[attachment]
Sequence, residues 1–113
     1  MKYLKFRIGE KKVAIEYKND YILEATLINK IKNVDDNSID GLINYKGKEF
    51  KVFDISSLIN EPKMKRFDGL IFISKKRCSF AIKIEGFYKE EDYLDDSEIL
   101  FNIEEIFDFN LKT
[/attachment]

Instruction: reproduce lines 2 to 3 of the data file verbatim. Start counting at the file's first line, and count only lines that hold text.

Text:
     1  MKYLKFRIGE KKVAIEYKND YILEATLINK IKNVDDNSID GLINYKGKEF
    51  KVFDISSLIN EPKMKRFDGL IFISKKRCSF AIKIEGFYKE EDYLDDSEIL